Amber Sweetin beats ME to be Miss Teen Edinburgh

Amber Sweetin only applied on a whim after seeing her friend had entered the competition. Picture: Ian Georgeson

Amber Sweetin only applied on a whim after seeing her friend had entered the competition. Picture: Ian Georgeson

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A TEENAGER battling a condition which forced her to quit school has made it to the finals of a national modelling competition.

Amber Sweetin, whose myalgic encephalopathy (ME), or chronic fatigue syndrome, means she often struggles to get out of bed, has been named Miss Teen Edinburgh.

The 17-year-old applied on a whim after seeing her friend had entered the competition online.

But she was amazed to see off competition from scores of young Scots to make it through to final stages of Miss Teen Great Britain.

Amber, from South Queensferry, will now battle it out against other young hopefuls at the finals in Blackpool.

She said: “I saw a friend had entered and decided to enter myself for a bit of fun. I didn’t expect to get through to the semis, let alone the finals.

“At first I sent them a few photos and then I had to answer a questionnaire with things like my inspiration.

“Now I’m going to be in the final. I’m very nervous, it’s all new to me.”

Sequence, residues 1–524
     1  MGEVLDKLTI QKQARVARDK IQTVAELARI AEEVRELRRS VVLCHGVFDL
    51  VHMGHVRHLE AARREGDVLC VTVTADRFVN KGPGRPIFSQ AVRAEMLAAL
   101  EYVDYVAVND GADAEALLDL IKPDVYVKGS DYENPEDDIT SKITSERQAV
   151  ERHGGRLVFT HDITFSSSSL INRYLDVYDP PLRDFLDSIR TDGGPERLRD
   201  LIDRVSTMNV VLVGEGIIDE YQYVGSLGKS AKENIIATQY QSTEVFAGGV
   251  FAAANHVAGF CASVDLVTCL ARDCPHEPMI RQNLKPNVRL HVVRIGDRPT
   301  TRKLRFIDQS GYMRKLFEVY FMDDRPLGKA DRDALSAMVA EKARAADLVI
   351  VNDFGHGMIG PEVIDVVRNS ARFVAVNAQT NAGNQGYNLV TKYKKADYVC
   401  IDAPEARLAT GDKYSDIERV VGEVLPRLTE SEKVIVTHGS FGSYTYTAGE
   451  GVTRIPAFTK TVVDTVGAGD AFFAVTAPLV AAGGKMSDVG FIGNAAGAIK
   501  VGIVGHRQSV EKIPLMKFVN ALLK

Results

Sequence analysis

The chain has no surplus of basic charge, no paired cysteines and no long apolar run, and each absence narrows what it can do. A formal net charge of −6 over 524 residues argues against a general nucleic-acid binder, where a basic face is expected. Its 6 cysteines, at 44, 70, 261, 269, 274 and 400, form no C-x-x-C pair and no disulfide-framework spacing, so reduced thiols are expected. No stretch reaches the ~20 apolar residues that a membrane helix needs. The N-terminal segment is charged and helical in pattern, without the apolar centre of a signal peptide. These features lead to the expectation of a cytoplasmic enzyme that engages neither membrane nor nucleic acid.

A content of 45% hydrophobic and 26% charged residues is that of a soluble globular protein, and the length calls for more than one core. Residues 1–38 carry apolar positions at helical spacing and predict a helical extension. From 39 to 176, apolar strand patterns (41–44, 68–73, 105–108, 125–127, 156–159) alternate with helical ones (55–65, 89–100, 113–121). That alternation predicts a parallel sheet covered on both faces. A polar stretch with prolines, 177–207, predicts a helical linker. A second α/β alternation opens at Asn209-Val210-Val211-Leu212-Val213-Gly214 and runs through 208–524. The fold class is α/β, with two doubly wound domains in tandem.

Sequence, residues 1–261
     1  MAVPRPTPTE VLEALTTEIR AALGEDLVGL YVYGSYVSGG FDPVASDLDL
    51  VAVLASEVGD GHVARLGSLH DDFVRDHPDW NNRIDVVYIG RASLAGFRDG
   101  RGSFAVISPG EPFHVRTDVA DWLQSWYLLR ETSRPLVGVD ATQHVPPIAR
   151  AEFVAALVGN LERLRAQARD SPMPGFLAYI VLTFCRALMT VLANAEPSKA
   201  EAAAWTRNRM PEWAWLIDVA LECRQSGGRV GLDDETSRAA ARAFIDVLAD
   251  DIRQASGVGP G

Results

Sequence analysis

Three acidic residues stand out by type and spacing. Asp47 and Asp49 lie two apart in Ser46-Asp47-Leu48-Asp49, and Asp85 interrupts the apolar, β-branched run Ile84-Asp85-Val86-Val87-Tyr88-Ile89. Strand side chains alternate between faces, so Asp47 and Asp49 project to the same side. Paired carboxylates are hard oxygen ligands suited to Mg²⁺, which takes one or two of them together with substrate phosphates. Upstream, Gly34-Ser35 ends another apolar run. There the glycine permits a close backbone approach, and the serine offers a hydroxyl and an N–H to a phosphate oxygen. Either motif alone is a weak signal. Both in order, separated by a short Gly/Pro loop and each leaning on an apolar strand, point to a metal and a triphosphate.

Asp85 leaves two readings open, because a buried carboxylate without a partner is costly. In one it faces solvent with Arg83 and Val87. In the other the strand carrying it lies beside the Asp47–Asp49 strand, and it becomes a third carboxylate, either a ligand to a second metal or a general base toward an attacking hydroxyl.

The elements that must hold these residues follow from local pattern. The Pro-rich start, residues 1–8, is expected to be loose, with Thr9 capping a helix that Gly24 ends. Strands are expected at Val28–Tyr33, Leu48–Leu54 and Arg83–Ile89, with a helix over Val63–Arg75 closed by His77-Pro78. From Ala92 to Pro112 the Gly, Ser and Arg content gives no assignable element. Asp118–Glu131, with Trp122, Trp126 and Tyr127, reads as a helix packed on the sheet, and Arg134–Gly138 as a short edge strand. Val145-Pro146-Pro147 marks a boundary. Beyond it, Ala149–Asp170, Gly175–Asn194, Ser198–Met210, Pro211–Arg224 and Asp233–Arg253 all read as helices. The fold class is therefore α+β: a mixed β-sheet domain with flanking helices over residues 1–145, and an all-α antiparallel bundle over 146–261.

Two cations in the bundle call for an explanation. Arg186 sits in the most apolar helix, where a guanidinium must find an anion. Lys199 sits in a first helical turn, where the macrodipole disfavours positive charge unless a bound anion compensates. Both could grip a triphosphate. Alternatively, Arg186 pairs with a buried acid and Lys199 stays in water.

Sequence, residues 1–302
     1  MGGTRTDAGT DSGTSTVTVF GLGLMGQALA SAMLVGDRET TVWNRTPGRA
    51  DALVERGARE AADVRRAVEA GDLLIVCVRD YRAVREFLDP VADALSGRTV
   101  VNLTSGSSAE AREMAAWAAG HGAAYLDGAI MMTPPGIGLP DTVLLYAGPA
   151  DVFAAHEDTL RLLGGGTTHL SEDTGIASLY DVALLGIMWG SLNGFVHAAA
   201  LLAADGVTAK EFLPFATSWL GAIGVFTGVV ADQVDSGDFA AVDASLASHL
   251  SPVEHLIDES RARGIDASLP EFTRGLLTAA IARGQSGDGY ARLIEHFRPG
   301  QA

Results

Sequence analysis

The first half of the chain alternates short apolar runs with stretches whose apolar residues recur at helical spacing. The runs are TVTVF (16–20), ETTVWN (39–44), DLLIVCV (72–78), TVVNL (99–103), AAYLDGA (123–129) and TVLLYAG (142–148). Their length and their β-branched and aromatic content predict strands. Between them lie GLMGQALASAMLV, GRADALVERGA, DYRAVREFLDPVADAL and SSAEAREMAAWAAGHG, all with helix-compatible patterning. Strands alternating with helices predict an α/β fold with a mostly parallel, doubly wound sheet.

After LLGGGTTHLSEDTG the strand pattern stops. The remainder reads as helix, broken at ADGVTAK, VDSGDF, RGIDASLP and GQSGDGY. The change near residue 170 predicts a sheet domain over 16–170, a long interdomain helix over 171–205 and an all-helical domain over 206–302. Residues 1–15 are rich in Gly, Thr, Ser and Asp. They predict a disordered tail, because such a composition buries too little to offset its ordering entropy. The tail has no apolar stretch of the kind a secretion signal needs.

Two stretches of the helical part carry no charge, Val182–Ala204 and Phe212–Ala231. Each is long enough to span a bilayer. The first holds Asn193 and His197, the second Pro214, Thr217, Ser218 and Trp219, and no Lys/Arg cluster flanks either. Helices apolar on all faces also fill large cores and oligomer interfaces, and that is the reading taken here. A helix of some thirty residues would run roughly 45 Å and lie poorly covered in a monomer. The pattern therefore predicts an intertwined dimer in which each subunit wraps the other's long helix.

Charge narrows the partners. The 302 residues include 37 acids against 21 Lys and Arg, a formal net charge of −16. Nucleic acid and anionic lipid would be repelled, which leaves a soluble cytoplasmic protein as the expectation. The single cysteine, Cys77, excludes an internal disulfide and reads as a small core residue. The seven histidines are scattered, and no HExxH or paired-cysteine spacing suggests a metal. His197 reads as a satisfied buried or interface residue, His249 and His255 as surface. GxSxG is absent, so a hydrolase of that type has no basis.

Amber will model in three categories – casual wear, a party dress that’s designed to show off her personality, and evening wear.

A judging panel, made up of “secret celebrities” who have yet to be announced, will decide the winner on 
September 1.

The competition will be even more of a challenge for the former St Augustine’s High pupil who was forced to leave school at 15 because of her debilitating condition.

She said: “I struggled to get up some days and couldn’t even walk. I’d have to be carried to go to the toilet. It meant I had to give up school as I wasn’t there very often.”

Mum Anna, who will travel down with dad Larry, said Amber had not let the illness get her down and was determined to give the competition her all.

She said: “We’re really proud of her for getting this far and are sure she will do well.”

Fatigue that doesn’t go away

CHRONIC fatigue syndrome (CFS) causes persistent fatigue that affects everyday life and doesn’t go away with sleep or rest.

CFS is also known as ME, which stands for myalgic encephalomyelitis. Myalgia means muscle pain and encephalomyelitis means inflammation of the brain and spinal cord. The condition can cause long-term illness and disability, but many people – particularly children and young people – improve over time.

It is estimated that around 250,000 people in the UK have CFS.

Anyone can get CFS, although it is more common in women than in men. It usually develops in the early-20s to mid-40s.